Friday, August 17, 2012

Bloody Assumptions

A woman dressed in all white rushed in and slapped her hand on the triage counter to get our attention.
"My husband! I need to see my husband!"
S: "Ok, let me look him up in our computer to see where he is."
"Hurry, this is an emergency!" And she burst into worried tears.
S: "It looks like he is not in our system yet. Did he come in by ambulance?"
"Yes. I can't believe you won't let me see him."
S: "Please try to be calm ma'am, you actually arrived before the ambulance did. What is he coming in with?"
She tearfully listed an extensive list of cardiac surgeries and history, his passing out at dinner, and that he had "stopped breathing twice." The triage nurses and I looked at each other- this sounded bad. We looked up to see him coming into our ambulance bay, and Ms. Hypochondriac ran to his gurney.

I followed her, and saw, with horror, a vomit basin filled with bright red foamy stuff. I've seen bloody CHF spit-up before, and this looked just like it. He groaned and seemed weak so the triage team expedited him to critical care before even getting his history.
I brought him into the room and helped the critical care team immediately undress him, take an ekg, and put him on our monitor system, gingerly removing the large red-filled basin to a biohazard bin. Upon looking closer at the bin, I froze. What were those little granules?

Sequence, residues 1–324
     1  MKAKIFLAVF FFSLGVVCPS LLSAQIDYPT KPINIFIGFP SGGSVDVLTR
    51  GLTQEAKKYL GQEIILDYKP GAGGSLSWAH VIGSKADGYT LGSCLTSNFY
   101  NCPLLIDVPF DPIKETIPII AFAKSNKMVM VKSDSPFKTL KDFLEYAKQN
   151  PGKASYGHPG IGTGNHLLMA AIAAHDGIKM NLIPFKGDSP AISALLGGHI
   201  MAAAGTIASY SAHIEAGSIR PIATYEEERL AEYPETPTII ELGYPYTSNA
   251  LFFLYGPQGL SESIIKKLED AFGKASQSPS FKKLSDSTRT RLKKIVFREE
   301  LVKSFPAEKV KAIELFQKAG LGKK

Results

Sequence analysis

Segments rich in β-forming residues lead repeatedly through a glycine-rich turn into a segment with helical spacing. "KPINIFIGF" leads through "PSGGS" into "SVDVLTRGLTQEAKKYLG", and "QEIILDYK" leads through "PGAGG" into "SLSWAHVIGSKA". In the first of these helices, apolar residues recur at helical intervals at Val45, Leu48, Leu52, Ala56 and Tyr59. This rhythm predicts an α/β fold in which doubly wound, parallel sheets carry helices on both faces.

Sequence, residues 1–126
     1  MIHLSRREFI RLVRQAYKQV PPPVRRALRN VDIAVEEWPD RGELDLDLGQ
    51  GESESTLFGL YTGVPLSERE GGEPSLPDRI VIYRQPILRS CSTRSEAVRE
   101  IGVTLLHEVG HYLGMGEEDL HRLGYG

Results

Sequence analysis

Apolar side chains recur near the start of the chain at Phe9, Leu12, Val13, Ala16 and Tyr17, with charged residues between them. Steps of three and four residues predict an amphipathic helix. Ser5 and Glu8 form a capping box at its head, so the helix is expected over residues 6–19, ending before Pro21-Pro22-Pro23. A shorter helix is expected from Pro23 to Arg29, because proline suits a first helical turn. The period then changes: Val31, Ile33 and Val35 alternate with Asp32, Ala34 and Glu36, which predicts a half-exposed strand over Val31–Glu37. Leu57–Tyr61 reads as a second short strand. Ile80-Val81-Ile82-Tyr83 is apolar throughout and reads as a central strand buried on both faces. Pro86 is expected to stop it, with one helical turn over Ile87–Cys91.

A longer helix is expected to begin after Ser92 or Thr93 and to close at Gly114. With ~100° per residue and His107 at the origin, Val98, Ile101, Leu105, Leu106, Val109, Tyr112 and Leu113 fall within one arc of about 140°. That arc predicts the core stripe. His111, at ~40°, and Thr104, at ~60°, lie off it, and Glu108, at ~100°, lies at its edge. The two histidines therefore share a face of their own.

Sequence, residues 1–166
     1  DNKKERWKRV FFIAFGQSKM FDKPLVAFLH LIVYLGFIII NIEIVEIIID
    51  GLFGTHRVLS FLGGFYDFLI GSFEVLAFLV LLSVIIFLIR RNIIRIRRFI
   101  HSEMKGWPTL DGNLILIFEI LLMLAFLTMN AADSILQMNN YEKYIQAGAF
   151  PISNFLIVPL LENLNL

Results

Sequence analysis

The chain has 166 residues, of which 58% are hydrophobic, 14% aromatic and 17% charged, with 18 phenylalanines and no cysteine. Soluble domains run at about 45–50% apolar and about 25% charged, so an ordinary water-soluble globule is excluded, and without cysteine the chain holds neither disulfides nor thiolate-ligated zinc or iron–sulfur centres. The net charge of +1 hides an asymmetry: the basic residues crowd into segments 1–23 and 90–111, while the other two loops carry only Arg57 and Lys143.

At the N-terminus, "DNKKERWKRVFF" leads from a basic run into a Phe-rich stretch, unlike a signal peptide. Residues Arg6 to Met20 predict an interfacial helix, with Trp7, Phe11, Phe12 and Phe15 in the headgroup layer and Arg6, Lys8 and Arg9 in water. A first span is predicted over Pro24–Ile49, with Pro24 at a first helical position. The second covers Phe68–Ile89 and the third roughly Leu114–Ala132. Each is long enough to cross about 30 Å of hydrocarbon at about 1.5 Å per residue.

I asked Ms. Hypochondriac if it was blood. "Oh, goodness no, he raspberries right before we arrived."
I stared at her blankly as it began to register. "He ate such a big bowl," she added with big eyes, as if eating more would have made a big clinical difference.

Raspberries! Such a big fuss over vomited raspberries!
It was not blood in the basin, which I verified with a gastroccult. I could barely leave the room without letting Ms. Hypochondriac see the grin on my face. I don't think she could have appreciated it.

Working in the ER, we are so hyper-focused on the worst-case scenario that it is sometimes hard to see the most obvious (and comical) possibilities.


1 comment:

  1. I used to work as a medic. I only had two true "saves" in 8 years.

    The second "save" had collapsed in front of his girlfriend after dinner. She, an RN, promptly initiated CPR, and only 1 defibrillation from us was required to return a sinus rhythm.

    He still required intubation, but his mental status improved so quickly that he fought and bit at the laryngoscope, and I retreated to BLS airway maneuvers. Just before arrival in the ED however, he started vomiting and coughing - of course - some bright red liquid.

    As we rolled into the ED I was sodden with guilt, sure that I had lacerated the carotid airway, and certain airway disaster was commencing.

    I knew I couldn't "spin" a traumatic intubation to the RN girlfriend, and I immediately confessed to her that my efforts had likely caused significant damage. I prayed that my straight-forward candor would redirect her justifiable anger.

    "That's Jello. We just ate some red Jello."